This object provides a drop-in component to replace the ASP Session object for use on a web farm, where the session state is stored in a database. The component needs to be placed in COM+, as it uses IObjectContext to get hold of the ASP request/response objects to manage the session state cookies.
The component should be instantiated on every page, whether used or not, to prevent sessions from timing out. This is most easily achieved by using a common page header. Data is not writen back to the database (other than the last used time) if the session state is not modified, so there is little cost to doing this.
The component uses a single cookie, filled with 128-bits of cryptographic grade random data. It is therefore hard to steal other peoples sessions (especially when combined with the use of a timeout.
Two databases are supported out of the box: SQL server (untested for this release — let me know if it’s broken and I’ll fix it), and Oracle. Other databases should simply be a case of modifying the code to support the required differences in SQL. In this case, most incompatibilities are caused by differences in date handling. In order to support accurate timeouts across multiple servers, the clock on the database server is used for all such calculations.
Build or Download
You can get the source from subversion (see the main page for details). Alternative, pre-built binaries are packaged with the gnomon installer, available here.
Configure the components, database and registry
To configure the components, do the following:
- Register the NPSLDictionary component (regsvr32 NPSLDictionary.dll).
- Create an empty library package using Component Services Manager and drop NPSLSession3.dll in to register it with COM+
Note that the step above is not necessary if you have created a COM+ package with the gnomon installer.
To configure the database, choose the appropriate script. Pick a schema/catalogue, and run the script to create the SessionState table. This stores information on the session including the contents of the NPSLDictionary object, the last used time of the session, and the session’s timeout value.
Note that old sessions are not automatically removed and you will probably want to configure a job on your database to remove these.
The component requires a single registry key containing a connection string for the database. In the binary, this is stored at HKLM\SOFTWARE\NPSL\npslda2\security\ConnectionString (the name is for historical company reasons). There is a registry script with the distribution which will create a sample key, but you obviously need to modify this to suit your database.
Use the component
As previously mentioned, the simplest way to use the component is to have a common include script that instantiates it at the top of every page (at least, every page that requires sessions). You should also set the timeout value here (it only needs to be done on session creation as it is persisted to the database, but there is little weight in setting it — typically it is more expensive to decide if this is necessary). An example of an include script is:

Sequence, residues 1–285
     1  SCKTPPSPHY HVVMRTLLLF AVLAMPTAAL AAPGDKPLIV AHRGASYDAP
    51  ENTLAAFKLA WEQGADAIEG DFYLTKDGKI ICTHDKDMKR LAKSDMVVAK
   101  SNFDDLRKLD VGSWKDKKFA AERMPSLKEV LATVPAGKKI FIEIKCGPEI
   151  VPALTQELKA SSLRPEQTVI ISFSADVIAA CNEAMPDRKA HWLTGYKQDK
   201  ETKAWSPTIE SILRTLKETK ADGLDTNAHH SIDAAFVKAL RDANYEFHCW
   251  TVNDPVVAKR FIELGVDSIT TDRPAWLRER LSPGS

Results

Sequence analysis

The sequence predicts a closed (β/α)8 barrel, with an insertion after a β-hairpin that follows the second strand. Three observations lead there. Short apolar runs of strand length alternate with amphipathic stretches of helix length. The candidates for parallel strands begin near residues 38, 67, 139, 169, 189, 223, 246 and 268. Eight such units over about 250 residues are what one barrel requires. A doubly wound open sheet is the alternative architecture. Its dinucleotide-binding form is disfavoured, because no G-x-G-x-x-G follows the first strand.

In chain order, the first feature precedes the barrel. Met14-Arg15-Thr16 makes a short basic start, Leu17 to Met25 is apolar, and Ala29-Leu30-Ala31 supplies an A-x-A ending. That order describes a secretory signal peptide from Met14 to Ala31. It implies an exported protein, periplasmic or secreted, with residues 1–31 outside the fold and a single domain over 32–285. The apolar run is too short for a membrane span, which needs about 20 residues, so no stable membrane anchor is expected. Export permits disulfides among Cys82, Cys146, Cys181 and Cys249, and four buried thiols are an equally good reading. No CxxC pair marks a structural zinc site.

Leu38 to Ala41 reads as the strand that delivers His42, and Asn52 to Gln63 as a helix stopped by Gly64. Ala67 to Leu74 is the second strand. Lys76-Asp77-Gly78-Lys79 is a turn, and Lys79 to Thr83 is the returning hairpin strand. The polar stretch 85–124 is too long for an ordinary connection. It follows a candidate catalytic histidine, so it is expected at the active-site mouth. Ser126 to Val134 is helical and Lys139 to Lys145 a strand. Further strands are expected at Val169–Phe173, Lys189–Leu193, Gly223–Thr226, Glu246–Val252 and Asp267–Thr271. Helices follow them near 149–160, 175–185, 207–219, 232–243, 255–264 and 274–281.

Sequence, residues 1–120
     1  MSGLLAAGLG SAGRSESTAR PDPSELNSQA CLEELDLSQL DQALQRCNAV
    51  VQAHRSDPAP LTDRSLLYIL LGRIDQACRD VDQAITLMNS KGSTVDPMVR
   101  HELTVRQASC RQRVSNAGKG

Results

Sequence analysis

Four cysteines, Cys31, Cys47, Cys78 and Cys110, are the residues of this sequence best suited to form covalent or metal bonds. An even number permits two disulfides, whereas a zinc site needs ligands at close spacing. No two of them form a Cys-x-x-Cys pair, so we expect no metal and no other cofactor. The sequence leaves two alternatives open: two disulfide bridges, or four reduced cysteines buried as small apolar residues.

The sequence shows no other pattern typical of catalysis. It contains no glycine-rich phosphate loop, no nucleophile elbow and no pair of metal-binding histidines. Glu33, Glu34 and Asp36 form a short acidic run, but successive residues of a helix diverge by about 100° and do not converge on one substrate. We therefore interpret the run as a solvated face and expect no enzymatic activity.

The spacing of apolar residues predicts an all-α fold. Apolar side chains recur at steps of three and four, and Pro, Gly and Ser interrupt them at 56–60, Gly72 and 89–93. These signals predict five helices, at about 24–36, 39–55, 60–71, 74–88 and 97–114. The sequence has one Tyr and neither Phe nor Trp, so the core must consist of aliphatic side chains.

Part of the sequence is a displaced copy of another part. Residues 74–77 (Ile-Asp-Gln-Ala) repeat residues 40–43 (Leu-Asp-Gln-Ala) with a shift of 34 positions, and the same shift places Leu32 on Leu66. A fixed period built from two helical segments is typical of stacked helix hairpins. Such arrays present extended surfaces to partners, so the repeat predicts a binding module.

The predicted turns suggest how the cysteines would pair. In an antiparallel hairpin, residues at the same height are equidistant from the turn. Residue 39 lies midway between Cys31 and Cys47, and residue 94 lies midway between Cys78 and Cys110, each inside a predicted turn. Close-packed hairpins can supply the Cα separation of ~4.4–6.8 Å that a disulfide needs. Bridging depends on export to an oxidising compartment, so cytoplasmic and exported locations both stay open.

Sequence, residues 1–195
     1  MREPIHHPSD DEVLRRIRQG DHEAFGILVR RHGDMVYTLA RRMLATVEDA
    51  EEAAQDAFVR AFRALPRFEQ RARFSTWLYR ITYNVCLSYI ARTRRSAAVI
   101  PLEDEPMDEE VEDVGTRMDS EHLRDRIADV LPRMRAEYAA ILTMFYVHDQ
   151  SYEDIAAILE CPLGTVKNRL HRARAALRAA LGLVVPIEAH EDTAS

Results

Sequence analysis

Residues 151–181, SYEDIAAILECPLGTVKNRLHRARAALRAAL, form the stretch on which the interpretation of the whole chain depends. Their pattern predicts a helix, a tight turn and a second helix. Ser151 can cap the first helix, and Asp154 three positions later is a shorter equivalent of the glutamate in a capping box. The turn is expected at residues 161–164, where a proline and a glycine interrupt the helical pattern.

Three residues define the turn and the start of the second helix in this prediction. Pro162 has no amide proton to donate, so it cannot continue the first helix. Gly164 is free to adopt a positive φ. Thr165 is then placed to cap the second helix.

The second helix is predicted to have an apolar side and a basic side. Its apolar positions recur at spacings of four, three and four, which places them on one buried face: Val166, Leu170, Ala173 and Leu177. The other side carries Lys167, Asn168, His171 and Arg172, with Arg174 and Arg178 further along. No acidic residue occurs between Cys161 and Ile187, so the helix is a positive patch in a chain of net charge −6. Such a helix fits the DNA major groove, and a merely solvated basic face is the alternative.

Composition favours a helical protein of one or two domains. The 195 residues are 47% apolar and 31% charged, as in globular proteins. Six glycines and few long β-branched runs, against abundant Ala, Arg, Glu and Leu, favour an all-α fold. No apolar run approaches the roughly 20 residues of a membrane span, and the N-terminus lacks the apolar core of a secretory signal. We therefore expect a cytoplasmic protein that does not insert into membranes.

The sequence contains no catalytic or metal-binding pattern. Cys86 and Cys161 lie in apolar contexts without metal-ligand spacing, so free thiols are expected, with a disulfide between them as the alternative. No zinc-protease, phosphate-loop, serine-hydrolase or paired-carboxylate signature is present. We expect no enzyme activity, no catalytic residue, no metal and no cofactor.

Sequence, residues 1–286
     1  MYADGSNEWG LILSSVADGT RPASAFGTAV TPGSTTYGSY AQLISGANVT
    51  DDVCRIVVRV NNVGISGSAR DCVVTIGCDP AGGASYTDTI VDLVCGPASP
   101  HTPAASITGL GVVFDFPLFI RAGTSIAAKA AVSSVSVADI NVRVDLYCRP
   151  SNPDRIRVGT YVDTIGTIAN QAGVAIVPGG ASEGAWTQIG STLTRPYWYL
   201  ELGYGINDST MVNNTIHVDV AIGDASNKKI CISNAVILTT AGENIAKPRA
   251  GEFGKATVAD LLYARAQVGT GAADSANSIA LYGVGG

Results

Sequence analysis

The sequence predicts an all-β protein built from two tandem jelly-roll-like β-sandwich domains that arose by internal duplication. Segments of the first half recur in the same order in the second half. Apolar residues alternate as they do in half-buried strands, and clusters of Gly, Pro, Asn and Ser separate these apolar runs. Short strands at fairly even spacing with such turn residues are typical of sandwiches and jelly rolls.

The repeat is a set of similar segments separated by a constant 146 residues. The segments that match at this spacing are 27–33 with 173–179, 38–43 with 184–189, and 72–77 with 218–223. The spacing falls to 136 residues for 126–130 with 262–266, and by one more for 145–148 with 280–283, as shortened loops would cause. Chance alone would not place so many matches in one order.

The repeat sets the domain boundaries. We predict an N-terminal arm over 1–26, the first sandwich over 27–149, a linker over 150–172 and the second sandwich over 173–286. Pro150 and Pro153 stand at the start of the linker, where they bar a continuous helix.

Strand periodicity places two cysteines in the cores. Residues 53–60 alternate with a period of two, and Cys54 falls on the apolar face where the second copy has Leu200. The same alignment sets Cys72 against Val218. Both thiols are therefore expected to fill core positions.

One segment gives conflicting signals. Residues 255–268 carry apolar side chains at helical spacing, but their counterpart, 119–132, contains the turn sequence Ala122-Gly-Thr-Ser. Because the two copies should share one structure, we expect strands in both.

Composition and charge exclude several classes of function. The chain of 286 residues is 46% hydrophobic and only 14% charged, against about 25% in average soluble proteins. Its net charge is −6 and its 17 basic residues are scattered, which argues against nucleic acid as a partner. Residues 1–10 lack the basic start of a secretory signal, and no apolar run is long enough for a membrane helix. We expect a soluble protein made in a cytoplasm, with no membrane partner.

' Create the session object
Set SessionX = _
SessionX.Timeout = 60 * 60 ' 1 hour
To use the code in your page:
SessionX("foo") = "bar"
That’s it. Note that due to the nature of object destruction it is not possible to report errors in persisting to the database at the end of a page (an extension would be to get the component to write this information to the event log; not hard, I just don’t have trouble with this). If you want to trap errors writing to the database during setup, then you can use the SaveChanges method, e.g.
SessionX("poo") = "sticky"
The other methods are SessionID (which returns the current session ID, or you can set it specifically if you have a special reason for doing this) and Abandon. Abandon sets the cookie to expire at some point in the past (the only known method of clearing a cookie) so that the session information is lost. Note that Abandon does not delete data; this is felt best left to a batch job to avoid the unnecessary load on the database server at the time. If you have a client that just won’t let go of a cookie (I haven’t seen one to date), then you may need to set the LAST_USED time in the database to something very long ago to prevent this from occurring (or delete the state).
Note that no expiry date is set on the cookie by default; this is to avoid problems with sending cookies to clients with bad clocks (and there are a lot of those, believe me). The best way to combat this is to use a single, central clock.
Bugs are tracked through bugzilla. Please report any bugs here, preferably with an attached test case indicating the problem, or even better, a patch (diff -U prefered).
If you are unsure if something is a bug, then email me.